Australian Authors and their Favourite Christmas Books

Isn’t it a fascinating thing to learn about the favourite books of others? Most especially, I must admit, when it comes to authors, illustrators and publishers – whose world is saturated with so many glorious tomes. Here, KBC shares a glimpse inside the hearts of some well-known talent from the children’s book industry – and learn more about either their favourite Christmas titles or their favourite bookish Christmas gifts. Enjoy!

Applesauce and the Christmas Miracle by Glenda Millard (ABC Books)
Glenda Millard and Stephen Michael King’s gorgeous Applesauce and the Christmas Miracle is an Australian take on the traditional Christmas story, set in the aftermath of bushfires. Glenda’s beautiful language and Stephen’s gentle art make this a story to treasure forever. – Claire Saxby, author

For All Creatures by Glenda Millard (Walker Books)
This beautiful book, by the team who produced Isabella’s Garden, pays homage to all creatures, to love and life, to kindness and gentleness and to the miracle of being alive. The language is rich, tender and warm, and wonderful to read aloud. The superb illustrations (by Rebecca Cool) are dramatic and varied. Every double-page spread is a surprise and a wonder. – Margaret Hamilton, AM, publisher

Look, a Book! by Libby Gleeson (Little Hare)
A truly delightful book from this well-established author and illustrator partnership – Libby Gleeson and Freya Blackwood. It’s about children who find a book which takes them on a wonderful journey, as books can. They love it and care for it so that they can enjoy it again and again. Engaging and evocative. A joy for all those who fear the death of the book! – Margaret Hamilton, AM, publisher

Grug’s Big Book of Fun by Ted Prior (Simon & Schuster Australia)
It’s fabulous that Grug is available again for a whole new generation. New books are extending the series, but this 160-page activity book is a winner. It’s got everything to keep a young child busy: games, mazes, dot-to-dot, drawing, colouring-in, stickers, puzzles. Who could ask for anything more in their Christmas stocking? – Margaret Hamilton, AM, publisher

My suggestions for Christmas books are a little different. How about making WITH the family, your own books?  You can use existing photos, children’s illustrations or even ‘feelie’ collages of stick- on textures like feathers or fur. They can be e-mail (digital) or print or even audio. Make it a non-commercial ‘sharing’ experience, so the collating is as important as the reading. Here are suggested titles: The Best Things About Our Family Christmas,  What Went Wrong at Christmas,  An Unexpected Gift. Grandparents or parents can draw on family historical anecdotes (true or tall storied). Make them a family gift! – Hazel Edwards, author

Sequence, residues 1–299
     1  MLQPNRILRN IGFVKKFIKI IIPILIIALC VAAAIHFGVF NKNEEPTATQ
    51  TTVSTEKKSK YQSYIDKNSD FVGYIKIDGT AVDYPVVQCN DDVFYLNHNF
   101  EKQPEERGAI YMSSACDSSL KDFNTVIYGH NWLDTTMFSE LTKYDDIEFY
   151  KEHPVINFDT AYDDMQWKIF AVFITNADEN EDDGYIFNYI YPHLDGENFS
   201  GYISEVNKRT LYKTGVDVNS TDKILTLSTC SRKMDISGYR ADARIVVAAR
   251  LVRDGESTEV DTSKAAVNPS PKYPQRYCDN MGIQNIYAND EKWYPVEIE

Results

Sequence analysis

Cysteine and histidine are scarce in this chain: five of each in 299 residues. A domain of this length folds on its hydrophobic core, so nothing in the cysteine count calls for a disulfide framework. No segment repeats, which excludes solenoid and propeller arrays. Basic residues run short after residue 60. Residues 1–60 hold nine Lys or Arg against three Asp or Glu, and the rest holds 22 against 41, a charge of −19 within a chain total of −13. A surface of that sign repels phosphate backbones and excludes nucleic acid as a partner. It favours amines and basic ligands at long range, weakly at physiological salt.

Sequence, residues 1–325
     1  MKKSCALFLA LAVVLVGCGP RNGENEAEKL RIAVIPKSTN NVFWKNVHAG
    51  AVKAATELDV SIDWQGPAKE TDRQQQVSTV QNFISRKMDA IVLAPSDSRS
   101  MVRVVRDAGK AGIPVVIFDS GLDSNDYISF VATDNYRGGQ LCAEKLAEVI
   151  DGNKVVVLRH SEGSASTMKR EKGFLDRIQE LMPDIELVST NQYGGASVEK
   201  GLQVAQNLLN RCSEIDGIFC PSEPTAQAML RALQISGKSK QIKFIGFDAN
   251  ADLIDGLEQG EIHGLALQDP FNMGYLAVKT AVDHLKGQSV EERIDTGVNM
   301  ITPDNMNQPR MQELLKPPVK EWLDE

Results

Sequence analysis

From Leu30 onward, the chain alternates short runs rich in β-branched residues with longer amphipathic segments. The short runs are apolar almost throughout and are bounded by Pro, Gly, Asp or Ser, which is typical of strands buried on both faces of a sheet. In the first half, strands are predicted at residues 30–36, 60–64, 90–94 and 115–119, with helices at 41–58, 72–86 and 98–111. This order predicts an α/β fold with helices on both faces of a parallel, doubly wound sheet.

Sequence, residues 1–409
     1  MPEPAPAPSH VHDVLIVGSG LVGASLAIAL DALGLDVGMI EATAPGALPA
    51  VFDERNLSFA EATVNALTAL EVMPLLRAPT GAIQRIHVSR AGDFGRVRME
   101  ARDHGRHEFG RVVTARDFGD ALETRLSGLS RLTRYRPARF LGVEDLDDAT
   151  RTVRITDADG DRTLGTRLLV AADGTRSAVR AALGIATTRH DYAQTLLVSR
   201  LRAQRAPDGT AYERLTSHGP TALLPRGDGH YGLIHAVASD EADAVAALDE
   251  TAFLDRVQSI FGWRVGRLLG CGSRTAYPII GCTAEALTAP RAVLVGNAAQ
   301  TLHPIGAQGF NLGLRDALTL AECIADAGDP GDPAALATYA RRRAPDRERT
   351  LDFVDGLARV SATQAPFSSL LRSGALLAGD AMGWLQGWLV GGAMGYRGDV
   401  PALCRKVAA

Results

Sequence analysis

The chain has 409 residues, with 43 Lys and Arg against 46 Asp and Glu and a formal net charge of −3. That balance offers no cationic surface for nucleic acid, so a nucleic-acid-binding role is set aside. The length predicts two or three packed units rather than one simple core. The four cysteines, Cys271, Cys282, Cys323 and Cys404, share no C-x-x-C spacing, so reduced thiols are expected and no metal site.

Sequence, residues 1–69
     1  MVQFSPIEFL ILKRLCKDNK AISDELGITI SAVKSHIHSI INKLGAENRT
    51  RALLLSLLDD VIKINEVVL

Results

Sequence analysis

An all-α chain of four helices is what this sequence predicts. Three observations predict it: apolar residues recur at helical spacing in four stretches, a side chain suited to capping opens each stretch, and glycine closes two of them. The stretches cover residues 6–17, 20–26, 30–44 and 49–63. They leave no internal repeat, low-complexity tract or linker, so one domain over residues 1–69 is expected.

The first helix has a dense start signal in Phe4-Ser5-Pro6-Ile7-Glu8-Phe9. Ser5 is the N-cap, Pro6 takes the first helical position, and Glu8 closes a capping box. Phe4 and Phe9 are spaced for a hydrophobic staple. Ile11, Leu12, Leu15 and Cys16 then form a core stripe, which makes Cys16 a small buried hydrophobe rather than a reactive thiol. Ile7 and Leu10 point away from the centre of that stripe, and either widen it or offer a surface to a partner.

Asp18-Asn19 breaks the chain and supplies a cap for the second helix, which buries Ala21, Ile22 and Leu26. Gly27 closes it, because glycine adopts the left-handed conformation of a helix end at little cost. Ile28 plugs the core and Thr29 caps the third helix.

I would say How the Grinch Stole Christmas! is my favourite Christmas book. I love it because it’s Dr Seuss, and he would have to try very hard to write a book I didn’t like. The Grinch got me in from the moment I read the lines … But I think that the most likely reason of all May have been that his heart was two sizes too small. It is also brilliant how Dr Seuss gets the message that Christmas is so much more than just presents across without getting too syrupy and blecccchhhy. – Adam Wallace, author

I love The Snowman, a children’s book by English author, Raymond Briggs, published in 1978. Most people would know it from the 1982 animated film. The book is wordless and the film is most known for its beautiful theme song, Walking in the Air. The story is joyful, filled with wonderful images of a winter wonderland, a special connection between a small boy (who looks awfully like a child version of the author) and with the feeling of loss at the end when the snowman melts. Beautifully done as only Raymond Briggs can. The movie version inserts a visit to Father Christmas who gives him a scarf – I guess they thought the movie-going public couldn’t cope without a happier ending. – Sheryl Gwyther, author

I adore the perennial and everlasting novel, A Christmas Carol by Charles Dickens. On the surface it appears to be the story of a miserable, stingy old man, Ebenezer Scrooge who, on Christmas Eve is visited by Jacob Marley and the Ghosts of Christmas Past, Present and Yet to Come. They show him his present, lonely, friendless life and how it will end if he doesn’t change his ways. The undercurrent of the story shows Dickens’s sympathy for the working poor and the downtrodden of Industrial Capitalism in Britain in the 1800s. Some even say the story, and the various plays spawned by it, helped restore the holiday, the merriment and the festive feel of Christmas in Britain and further afield. The book has never been out of print. – Sheryl Gwyther, author

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Tania McCartney

Tania McCartney is an author of children's books and adult non-fiction. Recent books include Riley and the Grumpy Wombat: A journey around Melbourne, and Australian Story: An Illustrated Timeline. She's also an editor, publisher and founder of Kids Book Review.

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